Article

A Study of Postpartum Depression in a Fast Developing Country: Prevalence and Related Factors

Hamad General Hospital, University of Manchester, and Weill Cornell Medical College, Qatar.
The International Journal of Psychiatry in Medicine (Impact Factor: 0.81). 01/2012; 43(4):325-37. DOI: 10.2190/PM.43.4.c
Source: PubMed

ABSTRACT Depression is a common and disabling complication of postpartum women. There is a paucity of research on postpartum depressive disorders and their predictors in women from Arab countries.
The aim of this study was to determine the prevalence and identify risk factors of postpartum depression among Arab women in Qatar using Edinburgh Postnatal Depression Scale Score (EPDS).
This is a prospective cross-sectional study conducted during the period from January 2010 to May 2011.
Primary healthcare centers of the Supreme Council of Health, State of Qatar.
A representative sample of 1669 mothers within 6 months after delivery were approached and 1379 (82.6%) mothers participated in this study.
The study was based on a face-to-face interview with a designed diagnostic screening questionnaire. Occurrence of postpartum depressive symptoms was assessed by the EPDS. Also, socio-demographic characteristics, medical and family history, and obstetric variables of patients were collected through a designed questionnaire. The diagnostic screening questionnaire was reviewed and calculated the final score which identified the risk cases.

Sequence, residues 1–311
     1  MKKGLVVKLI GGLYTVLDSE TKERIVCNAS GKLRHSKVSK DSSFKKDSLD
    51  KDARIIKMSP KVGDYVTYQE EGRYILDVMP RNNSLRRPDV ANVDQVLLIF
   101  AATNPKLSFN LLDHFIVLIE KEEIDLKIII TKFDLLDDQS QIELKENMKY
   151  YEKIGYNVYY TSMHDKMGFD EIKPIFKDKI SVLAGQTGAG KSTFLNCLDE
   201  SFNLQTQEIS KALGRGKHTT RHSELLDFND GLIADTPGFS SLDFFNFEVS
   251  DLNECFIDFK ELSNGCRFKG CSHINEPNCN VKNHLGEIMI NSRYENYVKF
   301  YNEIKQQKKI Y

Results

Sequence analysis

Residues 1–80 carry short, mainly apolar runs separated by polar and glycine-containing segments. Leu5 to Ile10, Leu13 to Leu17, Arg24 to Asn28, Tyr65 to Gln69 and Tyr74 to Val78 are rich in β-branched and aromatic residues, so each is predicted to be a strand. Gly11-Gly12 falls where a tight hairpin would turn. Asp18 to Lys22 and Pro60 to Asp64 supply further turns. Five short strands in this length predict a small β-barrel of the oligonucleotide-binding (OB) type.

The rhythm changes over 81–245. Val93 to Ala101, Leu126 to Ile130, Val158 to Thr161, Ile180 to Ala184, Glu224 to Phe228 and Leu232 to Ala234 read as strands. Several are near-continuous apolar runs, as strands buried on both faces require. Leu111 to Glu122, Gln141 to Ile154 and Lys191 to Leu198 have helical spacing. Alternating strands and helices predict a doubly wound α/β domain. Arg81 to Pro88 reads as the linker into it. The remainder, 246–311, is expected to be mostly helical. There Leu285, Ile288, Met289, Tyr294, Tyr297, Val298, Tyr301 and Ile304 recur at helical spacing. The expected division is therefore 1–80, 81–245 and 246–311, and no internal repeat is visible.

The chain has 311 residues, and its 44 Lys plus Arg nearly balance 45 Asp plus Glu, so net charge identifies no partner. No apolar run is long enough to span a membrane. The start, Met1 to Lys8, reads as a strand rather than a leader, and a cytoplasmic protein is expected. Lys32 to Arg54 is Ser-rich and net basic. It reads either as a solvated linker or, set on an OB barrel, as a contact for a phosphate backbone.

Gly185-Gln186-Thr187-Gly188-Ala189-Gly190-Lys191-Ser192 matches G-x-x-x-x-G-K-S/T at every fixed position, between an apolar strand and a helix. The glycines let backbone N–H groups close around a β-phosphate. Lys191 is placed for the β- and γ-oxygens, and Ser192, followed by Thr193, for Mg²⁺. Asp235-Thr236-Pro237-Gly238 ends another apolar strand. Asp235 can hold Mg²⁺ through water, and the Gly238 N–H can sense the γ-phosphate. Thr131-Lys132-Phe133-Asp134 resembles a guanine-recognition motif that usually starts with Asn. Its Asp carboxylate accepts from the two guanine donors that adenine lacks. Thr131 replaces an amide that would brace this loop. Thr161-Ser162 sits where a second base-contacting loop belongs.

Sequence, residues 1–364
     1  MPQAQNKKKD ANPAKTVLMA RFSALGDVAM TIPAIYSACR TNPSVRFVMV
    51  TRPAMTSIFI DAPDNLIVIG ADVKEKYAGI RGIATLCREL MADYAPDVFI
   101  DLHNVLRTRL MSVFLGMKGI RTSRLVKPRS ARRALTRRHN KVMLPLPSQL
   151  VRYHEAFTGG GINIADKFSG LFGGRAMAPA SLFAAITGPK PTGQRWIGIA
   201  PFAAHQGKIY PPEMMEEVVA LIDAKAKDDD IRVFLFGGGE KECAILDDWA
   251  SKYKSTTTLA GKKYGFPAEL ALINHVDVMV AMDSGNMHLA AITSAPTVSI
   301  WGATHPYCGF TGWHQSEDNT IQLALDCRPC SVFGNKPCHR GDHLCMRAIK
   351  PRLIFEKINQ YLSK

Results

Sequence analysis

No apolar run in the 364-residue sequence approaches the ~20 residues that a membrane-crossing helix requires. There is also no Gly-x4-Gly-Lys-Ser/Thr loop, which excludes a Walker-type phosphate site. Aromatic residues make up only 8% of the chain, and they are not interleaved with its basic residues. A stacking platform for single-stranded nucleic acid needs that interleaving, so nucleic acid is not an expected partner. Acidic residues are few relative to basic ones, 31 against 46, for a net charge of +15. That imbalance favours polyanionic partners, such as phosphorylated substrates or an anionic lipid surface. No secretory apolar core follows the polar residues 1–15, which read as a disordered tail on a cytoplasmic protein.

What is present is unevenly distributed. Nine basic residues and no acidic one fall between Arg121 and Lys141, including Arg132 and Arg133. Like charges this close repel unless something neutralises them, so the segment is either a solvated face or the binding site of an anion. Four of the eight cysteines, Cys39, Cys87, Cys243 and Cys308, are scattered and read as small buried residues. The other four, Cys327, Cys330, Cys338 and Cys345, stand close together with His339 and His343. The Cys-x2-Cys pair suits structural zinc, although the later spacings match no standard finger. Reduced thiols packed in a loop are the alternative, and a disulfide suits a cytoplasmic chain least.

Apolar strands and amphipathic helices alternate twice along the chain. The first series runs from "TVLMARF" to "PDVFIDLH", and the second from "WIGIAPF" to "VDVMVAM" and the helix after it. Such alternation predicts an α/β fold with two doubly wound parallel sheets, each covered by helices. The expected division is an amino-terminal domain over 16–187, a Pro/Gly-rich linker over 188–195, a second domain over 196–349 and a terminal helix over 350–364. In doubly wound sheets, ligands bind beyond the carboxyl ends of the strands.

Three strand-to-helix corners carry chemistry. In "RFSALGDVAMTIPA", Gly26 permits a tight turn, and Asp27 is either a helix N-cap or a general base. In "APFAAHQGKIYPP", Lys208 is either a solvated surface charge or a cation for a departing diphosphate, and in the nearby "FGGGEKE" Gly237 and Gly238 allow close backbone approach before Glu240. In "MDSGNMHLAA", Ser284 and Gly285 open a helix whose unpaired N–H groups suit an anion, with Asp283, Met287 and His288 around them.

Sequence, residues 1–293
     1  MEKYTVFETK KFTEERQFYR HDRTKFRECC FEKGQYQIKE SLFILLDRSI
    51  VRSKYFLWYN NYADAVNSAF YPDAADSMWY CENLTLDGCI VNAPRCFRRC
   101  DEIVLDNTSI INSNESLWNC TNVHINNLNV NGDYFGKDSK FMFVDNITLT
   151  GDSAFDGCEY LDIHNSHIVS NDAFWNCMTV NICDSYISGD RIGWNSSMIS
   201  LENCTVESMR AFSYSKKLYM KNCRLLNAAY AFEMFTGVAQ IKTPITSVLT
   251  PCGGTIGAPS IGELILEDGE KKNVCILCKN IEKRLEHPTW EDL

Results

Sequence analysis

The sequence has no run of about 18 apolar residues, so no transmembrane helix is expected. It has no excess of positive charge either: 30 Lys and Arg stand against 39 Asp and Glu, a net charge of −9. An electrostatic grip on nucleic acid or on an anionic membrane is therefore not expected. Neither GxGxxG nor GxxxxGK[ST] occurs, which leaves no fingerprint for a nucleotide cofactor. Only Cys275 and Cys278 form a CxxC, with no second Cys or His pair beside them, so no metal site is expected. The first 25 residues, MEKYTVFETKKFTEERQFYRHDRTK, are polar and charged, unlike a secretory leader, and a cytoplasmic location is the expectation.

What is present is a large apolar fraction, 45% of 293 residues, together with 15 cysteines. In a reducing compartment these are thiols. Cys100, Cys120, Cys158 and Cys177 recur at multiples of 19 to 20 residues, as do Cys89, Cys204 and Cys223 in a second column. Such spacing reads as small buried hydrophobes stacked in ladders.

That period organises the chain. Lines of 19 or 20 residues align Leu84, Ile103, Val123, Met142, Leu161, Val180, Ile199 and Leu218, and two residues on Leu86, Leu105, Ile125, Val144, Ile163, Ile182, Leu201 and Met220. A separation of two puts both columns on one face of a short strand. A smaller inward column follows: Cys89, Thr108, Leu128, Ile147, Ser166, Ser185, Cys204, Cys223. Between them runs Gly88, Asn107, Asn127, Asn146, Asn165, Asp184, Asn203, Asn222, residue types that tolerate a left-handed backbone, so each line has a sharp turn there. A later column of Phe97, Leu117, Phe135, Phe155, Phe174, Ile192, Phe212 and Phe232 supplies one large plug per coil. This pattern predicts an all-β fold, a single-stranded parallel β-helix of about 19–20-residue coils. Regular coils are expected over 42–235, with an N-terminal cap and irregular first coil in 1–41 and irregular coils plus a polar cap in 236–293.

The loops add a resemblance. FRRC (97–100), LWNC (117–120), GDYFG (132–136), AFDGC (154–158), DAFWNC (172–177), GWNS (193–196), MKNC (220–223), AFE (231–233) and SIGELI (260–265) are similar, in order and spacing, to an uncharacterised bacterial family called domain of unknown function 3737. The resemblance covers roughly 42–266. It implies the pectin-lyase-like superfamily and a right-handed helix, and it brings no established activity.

The prevalence of postpartum depression among the study sample was 17.6%. Mothers of age above 35 years (49.9% vs. 39.2%; p < 0 .001), low education below intermediate level (51% vs. 35.8%; p < 0.001), housewives (38.7% vs. 29%; p = 0.03), with low monthly income (QR 5000-9999) (43.2% vs. 32.2%; p < 0.001) were significantly at high risk for postpartum depression. Maternal complications (38.7% vs. 26.1%; p < 0.001) and caesarean section (36.2% vs. 28.8%; p = 0.022) were significantly higher among depressed mothers compared to non-depressed women. Financial difficulties (OR = 2.04; p < 0.001), prematurity (OR = 1.64; p = 0.025), poor family support (OR = 1.52; p = 0.016), dissatisfaction in marital life (OR = 1.26; p = 0.005), poor marital relationship (OR = 1.13; p = 0.05) were the main predictors of postpartum depression.
This prevalence of postpartum depression in women living in Qatar was comparable to previous epidemiological research done in developing countries. Financial difficulties, prematurity, lack of family support, and poor marital relationships have been identified as main risk factors for developing postpartum depression.

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